Biotechnology’s role is crucial for the Indian knowledge economy to grow. Establishing and growing an innovation product driven biotech industry was a significant need in India which led to creation of BIRAC by the Govern­ment of India. Biotechnology Industry Research Assistance Council (BIRAC) is a not-for-profit public sector enterprise, set up by the Department of Bio­technology (DBT) as an interface agency to strengthen and empower emerging biotech to undertake strategic research and innovation, addressing nationally relevant prod­uct development needs. BIRAC is a new industry-academia interface and implements its mandate through a wide range of initiatives, be it pro­viding access to risk capital through targeted funding, technology transfer, IP management and handholding schemes that help bring innovation excellence to the biotech firms and make them globally competitive. In its four years of existence, BIRAC has initiated several schemes, networks and platforms that help to bridge gaps in the industry-academia inno­vation research and facilitate novel, high-quality affordable product development. BIRAC has also initiated partnerships with several national and global partners.

In recent years BIRAC has had very positive impact on the whole ecosys­tem for startups and entrepreneurs, and the industry academia interface has greatly benefitted. We have more than 1,000 startups and 500 industries engaged in the network. The ecosys­tem has been empowered by creating over 30 bio-incubator centers with 300,000 sq.ft of incubation space. More than 1000 products or technol­ogies have been developed, many of which are in the market, and more than 150 new IP’s have been filed. The focus is also on skill development, training, employment and market access.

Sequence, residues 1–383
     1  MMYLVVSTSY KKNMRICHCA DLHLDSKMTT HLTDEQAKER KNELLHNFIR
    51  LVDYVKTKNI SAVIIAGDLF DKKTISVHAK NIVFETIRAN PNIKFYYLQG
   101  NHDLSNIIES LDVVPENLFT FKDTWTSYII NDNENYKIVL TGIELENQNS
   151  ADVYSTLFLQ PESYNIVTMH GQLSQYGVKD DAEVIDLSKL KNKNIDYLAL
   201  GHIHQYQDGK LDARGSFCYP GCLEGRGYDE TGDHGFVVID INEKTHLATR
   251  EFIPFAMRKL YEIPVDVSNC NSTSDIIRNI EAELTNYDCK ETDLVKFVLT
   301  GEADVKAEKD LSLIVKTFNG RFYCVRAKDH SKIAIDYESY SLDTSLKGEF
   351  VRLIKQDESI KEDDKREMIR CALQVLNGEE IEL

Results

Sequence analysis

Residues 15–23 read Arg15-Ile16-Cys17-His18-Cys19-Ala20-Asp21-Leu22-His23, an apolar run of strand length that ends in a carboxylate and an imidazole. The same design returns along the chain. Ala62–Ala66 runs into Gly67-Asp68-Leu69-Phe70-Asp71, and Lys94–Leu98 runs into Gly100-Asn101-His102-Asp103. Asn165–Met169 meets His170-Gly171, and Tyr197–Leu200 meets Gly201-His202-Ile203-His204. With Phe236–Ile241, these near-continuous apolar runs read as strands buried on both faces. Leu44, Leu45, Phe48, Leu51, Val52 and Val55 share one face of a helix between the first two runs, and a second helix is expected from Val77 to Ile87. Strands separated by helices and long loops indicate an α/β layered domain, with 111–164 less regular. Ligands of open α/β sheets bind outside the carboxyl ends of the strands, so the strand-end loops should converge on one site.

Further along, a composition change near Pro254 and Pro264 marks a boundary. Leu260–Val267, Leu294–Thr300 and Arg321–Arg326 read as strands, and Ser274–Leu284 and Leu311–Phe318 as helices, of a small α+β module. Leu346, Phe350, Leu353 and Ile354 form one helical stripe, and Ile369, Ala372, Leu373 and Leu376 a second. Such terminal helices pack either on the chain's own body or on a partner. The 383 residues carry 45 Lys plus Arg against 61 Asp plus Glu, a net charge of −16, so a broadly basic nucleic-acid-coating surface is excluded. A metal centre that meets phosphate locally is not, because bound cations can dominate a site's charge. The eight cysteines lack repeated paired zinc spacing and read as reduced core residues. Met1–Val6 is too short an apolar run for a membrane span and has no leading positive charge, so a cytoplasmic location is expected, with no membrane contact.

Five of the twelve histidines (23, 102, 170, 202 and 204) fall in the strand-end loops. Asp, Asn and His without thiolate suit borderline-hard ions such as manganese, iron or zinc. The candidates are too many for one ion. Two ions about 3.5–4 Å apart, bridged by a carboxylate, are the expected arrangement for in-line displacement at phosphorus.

An important part of encouraging entrepreneurship is assuming the business risk that a young business developing an innovative scientific idea faces specially in its nascent stages. As products move along the value chain, only the level of their risk changes. Therefore, funding bodies such as BIRAC need to create sup­port through the market value-chain to ensure that ideas don’t fail for the want of support. Government funding has also plugged several holes where venture capitalists and angel inves­tors were typically unwilling to invest before, such as early-stage research, during which private investors were more wary. India is moving towards high-risk funding, encouraging for many scientists to take up research on disruptive technologies.

Our recent focus on retaining and attracting scientists with high-level experience and our recent investments in high-tech infrastructure gives us the confidence to support disruptive technologies.

Biotechnology is an intrinsic com­ponent of the 21st century knowledge economy. The Indian government has set an ambitious target of US$ 100 billion for the biotechnology indus­try by 2025. DBT along with BIRAC is committed to work alongside all partners in the endeavor to create an innovation driven biotech ecosystem and amplify the growth of Indian bio­technology.

The vibrant ecosystem we see today gives us the confidence that our innovators will be recognized globally for providing solutions for addressing major societal problems.

The recent government impetus on 'Make in India' and 'Startup India' have given a major boost to this sector, and the biotechnology industry will con­tribute immensely to the enhanced GDP and employment opportunities.

The industry is poised to leverage its strength and capacity to bring in trans­formational change and the making of a new India by 2022.

Renu Swarup is the Secretary, Department of Biotechnology, India. She was BIRAC’s managing director when she authored this article.

[Nature India Special Issue: Grand Challenges]